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BY KERRY EGGERS/PORTLAND TRIBUNE/Former Portland prep standout, 29, returns fron injuries, years away from the game, and shines for CFL Hamilton Tiger-Cats

Alex Green was in Portland in early September, working a variety of jobs, moving on to what he figured was the next stage of his life, when the call came from his agent.

The Canadian Football League Hamilton Tiger-Cats were looking for a tailback. Was he interested?

Hey, is the Pope a Catholic?

"From that point, it was on," the former Benson High standout says from his apartment in Hamilton. "I had three days to pack and get to Hamilton."GREEN

After three days of practice, head coach June Jones — a fellow Portland native — told Green he would be starting in the next game against the British Columbia Lions. The 6-foot, 230-pounder was ready.

Green carried 13 times for 140 yards to key the Tiger-Cats' 24-23 upset victory last Saturday.

It was Green's first game action since playing with the NFL's New York Jets in 2013 — nearly four years ago.

"I felt a little rusty in practice, but I got the cobwebs off quickly," he says. "I felt great during the game. I was a little surprised to gain that many yards, but I had a good week of practice. I knew we had a good game plan. I was ready to go.

"It felt great to be back on the field, doing what I love. Brought me back to my Hawaii days."

A little more than a year ago, the Portland Tribune chronicled Green's rags-to-riches story (

(http://www.pamplinmedia.com/pt/256-sports/kerry-eggers/312584-190148-portlands-alex-green-out-to-prove-theres-life-after-the-nfl-).

After stops at Eastern Arizona and Butte (California) College, Green wound up on the streets, living in his 1998 Chevy Lumina in a Walmart parking lot for a spell. He wound up at Hawaii, where he had a banner senior season, rushing for 1,199 yards and 18 touchdowns.

Green went on to play three seasons for Green Bay and New York before being released by the Jets prior to the 2014 season. At that point, he returned to Portland, working primarily as a personal trainer until landing a job as an assistant coach and equipment manager at Hawaii for the 2016 football season.

"That gave me the drive to want to play ball again — going to the practice, going to the meetings and so on," Green says. "It gave me the itch to get back."

Last December, he returned to Portland and lived with his mother. Green kept in shape, and in February signed a make-good contract that got him to training camp with the Tiger-Cats. He made it to the final round of cuts but was victim of a limit on the number of U.S. players a CFL team can have on its roster.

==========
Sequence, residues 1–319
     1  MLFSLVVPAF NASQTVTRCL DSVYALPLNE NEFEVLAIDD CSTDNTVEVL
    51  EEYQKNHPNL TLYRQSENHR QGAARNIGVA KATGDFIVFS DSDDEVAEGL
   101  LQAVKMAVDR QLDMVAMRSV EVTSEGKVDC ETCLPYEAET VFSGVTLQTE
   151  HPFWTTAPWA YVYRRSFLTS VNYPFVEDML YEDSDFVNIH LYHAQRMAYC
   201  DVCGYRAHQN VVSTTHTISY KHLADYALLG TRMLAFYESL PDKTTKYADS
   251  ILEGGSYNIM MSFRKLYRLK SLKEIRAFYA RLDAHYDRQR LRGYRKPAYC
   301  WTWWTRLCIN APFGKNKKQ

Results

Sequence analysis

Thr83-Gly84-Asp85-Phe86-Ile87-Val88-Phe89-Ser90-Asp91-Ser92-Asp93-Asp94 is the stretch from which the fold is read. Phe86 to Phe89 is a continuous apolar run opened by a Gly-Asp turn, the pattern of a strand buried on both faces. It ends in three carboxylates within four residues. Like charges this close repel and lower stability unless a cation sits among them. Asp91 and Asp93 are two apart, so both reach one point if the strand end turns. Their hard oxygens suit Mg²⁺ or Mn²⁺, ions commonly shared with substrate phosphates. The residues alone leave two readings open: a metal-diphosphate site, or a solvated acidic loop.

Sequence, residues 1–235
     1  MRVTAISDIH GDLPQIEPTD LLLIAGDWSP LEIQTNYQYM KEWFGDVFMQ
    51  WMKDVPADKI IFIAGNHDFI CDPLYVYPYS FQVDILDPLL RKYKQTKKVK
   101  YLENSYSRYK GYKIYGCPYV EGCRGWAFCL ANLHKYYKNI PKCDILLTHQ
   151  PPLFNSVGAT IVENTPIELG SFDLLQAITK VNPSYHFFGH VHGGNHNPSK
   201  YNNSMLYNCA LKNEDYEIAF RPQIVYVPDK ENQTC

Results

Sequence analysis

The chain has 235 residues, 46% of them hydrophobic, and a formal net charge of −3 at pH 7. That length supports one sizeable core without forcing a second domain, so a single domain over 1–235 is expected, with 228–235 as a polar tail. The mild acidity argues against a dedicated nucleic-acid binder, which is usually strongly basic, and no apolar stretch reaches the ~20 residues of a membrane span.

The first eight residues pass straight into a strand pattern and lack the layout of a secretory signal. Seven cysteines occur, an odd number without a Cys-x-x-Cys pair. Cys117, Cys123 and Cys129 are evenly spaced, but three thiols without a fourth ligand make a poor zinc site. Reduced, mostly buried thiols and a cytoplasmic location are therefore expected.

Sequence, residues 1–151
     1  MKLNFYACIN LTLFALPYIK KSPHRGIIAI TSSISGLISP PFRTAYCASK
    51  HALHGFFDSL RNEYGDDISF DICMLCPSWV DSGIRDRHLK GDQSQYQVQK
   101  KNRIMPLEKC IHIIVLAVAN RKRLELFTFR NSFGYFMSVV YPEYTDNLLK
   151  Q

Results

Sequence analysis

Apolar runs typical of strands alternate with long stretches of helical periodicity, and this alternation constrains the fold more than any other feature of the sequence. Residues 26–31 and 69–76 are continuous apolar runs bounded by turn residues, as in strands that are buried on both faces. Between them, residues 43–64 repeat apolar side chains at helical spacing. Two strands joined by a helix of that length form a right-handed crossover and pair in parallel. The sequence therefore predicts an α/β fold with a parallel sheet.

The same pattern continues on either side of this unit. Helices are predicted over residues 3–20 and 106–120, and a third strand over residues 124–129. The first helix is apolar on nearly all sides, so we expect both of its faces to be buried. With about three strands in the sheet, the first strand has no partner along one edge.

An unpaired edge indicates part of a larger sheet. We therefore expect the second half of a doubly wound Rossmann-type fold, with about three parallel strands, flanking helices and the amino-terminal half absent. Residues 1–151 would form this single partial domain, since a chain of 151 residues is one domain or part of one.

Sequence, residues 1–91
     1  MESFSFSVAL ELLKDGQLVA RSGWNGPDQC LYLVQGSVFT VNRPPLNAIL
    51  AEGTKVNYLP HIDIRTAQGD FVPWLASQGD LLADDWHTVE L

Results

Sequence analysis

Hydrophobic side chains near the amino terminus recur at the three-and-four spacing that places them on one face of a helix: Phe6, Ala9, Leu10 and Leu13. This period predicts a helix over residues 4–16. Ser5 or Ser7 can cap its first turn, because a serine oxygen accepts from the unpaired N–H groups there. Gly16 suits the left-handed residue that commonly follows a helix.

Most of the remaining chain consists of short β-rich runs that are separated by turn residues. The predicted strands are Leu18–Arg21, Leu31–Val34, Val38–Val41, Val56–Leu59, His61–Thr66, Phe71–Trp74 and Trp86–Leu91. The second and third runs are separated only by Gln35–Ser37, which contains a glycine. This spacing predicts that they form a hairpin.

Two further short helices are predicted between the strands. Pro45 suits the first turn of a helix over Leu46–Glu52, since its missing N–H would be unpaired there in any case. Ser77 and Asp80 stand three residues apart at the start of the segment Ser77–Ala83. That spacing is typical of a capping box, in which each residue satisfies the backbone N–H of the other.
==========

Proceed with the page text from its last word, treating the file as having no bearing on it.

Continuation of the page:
"I was a little bummed," he says."It was frustrating. I understand the business of the game, but I still wanted to play. I still had the urge."

Green returned again to Portland. He worked as a personal trainer, started a cleaning business and began to put together a foundation where he would work with youths in football, basketball and track.

All the while, he kept in shape, hoping for an opportunity.

In early September, Jones took over as interim head coach of the Tiger-Cats. He wanted some help at running back. He watched video of Green in the preseason. "Alex played well," Jones says. "I was surprised he got cut."

Jones — who had coached at Hawaii from 1999-2007 but had never met Green — appealed to general manager Eric Tillman, who authorized Green's signing.

On the bus to the game against the Lions in Vancouver, Jones spoke with Green.

"He asked where I was from," Green says. "I said, 'Portland.' He said he was from Portland, too. He asked where I grew up. I told him, "Northeast 26th and Dekum.' He told me he grew up on Northeast 33rd. I was surprised. I told him, 'I didn't know you were from Portland, let alone my own neighborhood.' It was surreal."

Jones and Green bonded immediately.

"I love him as a coach," Green says. "I like his laid-back approach. He doesn't get rattled when things go south. He doesn't get too excited when things are great. That's one of the keys to success for a coach — keep that happy medium. I love that approach."

When Green last played football in 2014, he was dealing with knee and shoulder injuries.

"I didn't have surgeries, but I wasn't right, either," he says. "I think all the time off helped. Other than nicks and bruises from the (B.C.) game, I feel great.

"I'm 29, but I played only three (NFL) seasons. I'm like a third- or fourth-year guy. I'm a young 29."

Green is signed only through the rest of the season.

"I would love to come back to Hamilton," he says."If they want to re-sign me, I'll be more than happy to play here again."

Green says he has learned much from his time away from football.

"Stand true to myself is one of the main things I learned," he says. "Believing in the dream, sticking to it and never giving up. Stay dedicated. And when the opportunity comes, you have to be ready. It will come. If you're not ready, you have to look yourself in the mirror."

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